Field GC/MS applications have utilized Bruker Instruments' mobile mass spectrometer. The MS, initially designed for NATO as a chemical warfare detector, was manufactured from the outset as a field instrument. The MS was transported from site to site in a midsized truck and was battery operated for about 8-10 hours at ambient conditions. Simple field methods have been developed based on analyte introduction by thermal desorption followed by fast GC separation and MS detection. The goal was to provide a practical GC/MS tool that can deliver the quality of data required for the study with minimal sample cleanup.
Thermal extraction was offered as a fast and safe alternative to classical, cumbersome solvent extractions for a wide range of semivolatile pollutants in GC/MS analysis. Samples are loaded into porous quartz crucibles with no preparation other than weighing required prior to analysis. Analytes are volatized into the helium carrier gas flow at controlled preprogrammable temperature profiles and subsequently cryo-condensed onto a conventional gas chromatographic column. The method was demonstrated by analyzing for a representative group of organic pollutants covering a wide range of polarity/volatility contained in natural soil matrices at concentrations as low as 0.5 ppm using a Pyran Thermal Chromatograph. Average correlation coefficients for calibration curves range from 0.938 to 0.997 for compounds less volatile than naphthalene. Naphthalene and more volatile compounds experienced variable losses during open-air sample loading. Diakylphthalates underwent partial decomposition during the thermal extraction process. Recoveries varied depending on soil types as well as on the physical and chemical nature of analytes, with generally the highest thermal extraction yields for river silt and the lowest yields for clay. Typical recoveries were 10-30% for polynuclear aromatic hydrocarbons, 60-70% for hexachlorobenzene, and nearly 100% for chloronaphthalenes. However, the pesticide aldrin showed recoveries of at most 19%. A majority of the analytical results are within an accepted range for quantitative analysis. With sample turnaround times of typically 30-60 minutes this instrument should greatly facilitate many onsite monitoring and analytical efforts.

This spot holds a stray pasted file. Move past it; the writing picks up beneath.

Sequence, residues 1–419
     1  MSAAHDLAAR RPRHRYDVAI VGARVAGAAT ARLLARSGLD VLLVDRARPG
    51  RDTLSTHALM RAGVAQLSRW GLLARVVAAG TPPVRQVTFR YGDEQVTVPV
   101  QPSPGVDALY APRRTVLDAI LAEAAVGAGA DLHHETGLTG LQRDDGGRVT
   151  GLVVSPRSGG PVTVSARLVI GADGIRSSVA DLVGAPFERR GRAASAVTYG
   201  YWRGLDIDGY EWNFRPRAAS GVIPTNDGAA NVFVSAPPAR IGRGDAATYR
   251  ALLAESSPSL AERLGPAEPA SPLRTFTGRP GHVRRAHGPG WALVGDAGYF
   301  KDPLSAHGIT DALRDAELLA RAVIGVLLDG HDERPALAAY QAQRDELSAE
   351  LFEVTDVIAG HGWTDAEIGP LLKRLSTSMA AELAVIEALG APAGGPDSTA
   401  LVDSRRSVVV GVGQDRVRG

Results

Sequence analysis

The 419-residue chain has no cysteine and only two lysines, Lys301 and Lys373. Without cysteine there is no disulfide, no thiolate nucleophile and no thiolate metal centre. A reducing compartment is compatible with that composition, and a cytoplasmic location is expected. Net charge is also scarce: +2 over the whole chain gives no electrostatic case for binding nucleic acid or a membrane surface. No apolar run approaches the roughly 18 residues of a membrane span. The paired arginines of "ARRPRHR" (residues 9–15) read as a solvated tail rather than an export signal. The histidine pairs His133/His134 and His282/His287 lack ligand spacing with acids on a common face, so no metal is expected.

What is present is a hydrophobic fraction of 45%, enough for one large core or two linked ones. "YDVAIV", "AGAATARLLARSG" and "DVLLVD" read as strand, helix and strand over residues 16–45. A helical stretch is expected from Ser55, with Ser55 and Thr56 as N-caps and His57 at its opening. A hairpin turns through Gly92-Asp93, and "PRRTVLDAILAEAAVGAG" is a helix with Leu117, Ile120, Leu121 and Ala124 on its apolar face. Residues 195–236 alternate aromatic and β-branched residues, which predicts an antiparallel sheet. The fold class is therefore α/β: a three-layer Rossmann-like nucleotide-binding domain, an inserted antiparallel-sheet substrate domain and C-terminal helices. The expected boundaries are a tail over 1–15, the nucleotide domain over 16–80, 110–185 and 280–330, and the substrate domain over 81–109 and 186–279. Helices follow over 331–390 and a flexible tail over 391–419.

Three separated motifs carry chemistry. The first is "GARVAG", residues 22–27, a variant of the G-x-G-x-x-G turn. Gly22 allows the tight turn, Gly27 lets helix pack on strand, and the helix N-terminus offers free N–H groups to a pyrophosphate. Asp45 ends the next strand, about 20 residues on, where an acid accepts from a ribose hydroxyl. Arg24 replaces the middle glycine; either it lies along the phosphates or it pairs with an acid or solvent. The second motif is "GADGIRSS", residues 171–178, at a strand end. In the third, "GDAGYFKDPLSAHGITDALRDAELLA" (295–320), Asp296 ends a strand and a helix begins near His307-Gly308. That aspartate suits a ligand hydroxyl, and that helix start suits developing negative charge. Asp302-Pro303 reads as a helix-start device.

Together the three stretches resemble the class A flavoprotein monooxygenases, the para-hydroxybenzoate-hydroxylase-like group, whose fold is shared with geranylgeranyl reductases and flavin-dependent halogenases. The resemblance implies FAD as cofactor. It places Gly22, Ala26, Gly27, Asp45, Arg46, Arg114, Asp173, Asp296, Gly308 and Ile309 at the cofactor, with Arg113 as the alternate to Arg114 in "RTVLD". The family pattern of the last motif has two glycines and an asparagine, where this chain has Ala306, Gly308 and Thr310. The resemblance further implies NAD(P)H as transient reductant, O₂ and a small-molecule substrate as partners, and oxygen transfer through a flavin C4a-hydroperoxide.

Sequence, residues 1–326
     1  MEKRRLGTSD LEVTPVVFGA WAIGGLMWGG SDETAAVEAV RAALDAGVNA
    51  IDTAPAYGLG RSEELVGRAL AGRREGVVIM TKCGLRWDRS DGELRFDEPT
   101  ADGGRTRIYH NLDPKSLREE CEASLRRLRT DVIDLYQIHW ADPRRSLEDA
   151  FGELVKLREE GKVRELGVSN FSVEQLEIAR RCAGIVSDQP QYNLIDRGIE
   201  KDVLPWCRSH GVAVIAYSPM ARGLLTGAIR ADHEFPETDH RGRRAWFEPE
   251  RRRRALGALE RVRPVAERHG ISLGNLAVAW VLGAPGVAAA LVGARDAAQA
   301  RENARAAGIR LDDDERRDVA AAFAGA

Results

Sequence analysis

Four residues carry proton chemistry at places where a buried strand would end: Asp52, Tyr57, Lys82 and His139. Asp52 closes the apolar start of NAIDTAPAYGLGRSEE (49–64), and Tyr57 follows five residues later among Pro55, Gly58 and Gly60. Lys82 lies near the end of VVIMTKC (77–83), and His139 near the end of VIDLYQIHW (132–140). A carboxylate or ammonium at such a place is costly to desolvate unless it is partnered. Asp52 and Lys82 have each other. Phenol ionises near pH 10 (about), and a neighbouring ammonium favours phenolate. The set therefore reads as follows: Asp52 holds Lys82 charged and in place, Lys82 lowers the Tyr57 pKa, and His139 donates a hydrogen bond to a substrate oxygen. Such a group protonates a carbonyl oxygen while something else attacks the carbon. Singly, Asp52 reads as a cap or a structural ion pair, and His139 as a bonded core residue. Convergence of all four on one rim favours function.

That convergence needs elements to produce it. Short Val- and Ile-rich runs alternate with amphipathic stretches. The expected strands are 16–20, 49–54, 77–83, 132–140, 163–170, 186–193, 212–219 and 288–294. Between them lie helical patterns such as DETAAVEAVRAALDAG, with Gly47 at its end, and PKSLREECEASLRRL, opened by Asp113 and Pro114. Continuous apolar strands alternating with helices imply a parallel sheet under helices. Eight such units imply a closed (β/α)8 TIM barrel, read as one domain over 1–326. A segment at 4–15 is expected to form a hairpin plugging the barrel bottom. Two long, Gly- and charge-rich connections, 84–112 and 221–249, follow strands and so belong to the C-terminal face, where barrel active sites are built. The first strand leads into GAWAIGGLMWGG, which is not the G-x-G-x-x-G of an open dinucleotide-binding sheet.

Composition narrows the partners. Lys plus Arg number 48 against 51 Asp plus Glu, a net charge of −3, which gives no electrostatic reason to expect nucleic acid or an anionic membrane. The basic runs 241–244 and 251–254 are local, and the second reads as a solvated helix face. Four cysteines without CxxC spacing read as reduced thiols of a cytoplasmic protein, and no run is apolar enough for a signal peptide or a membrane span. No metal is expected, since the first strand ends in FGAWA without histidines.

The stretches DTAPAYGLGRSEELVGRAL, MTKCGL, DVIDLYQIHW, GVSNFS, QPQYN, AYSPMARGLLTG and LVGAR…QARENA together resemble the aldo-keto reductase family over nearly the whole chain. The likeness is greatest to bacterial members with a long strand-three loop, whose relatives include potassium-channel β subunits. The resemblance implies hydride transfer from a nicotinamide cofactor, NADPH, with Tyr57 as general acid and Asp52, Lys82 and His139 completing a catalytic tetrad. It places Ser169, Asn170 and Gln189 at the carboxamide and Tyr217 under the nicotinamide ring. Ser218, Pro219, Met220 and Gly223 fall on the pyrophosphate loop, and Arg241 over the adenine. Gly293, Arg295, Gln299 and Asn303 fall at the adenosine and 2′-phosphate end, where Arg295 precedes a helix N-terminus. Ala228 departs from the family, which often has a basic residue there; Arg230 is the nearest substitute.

Examples have been presented on the use of a mobile ITMS for onsite environmental screening and monitoring of vapors by GC/MS. The instrument is built around a miniaturized ITMS system, with a novel direct vapor sampling inlet and coupled to a high-speed transfer line GC column (short capillary column with fixed pressure drop). The column is temperature controlled inside the standard ion trap transfer line housing. This provides for high-speed analyses using an automated sampling system constructed with only inert materials in the sample path. The system demonstrated the following capabilities: detection limits of less than 10 ppb for a variety of volatile organic compounds; selective analysis of 21 compounds or more in a single one minute chromatogram with boiling point windows depending on column type and temperature; repetitive sampling as frequent as every 10 seconds for monitoring transient vapor concentrations; and direct variation of sample size with sample pulse time to readily optimize GC resolution vs. ultimate sensitivity. The instrument is rugged enough for most field screening and hazardous waste site investigations.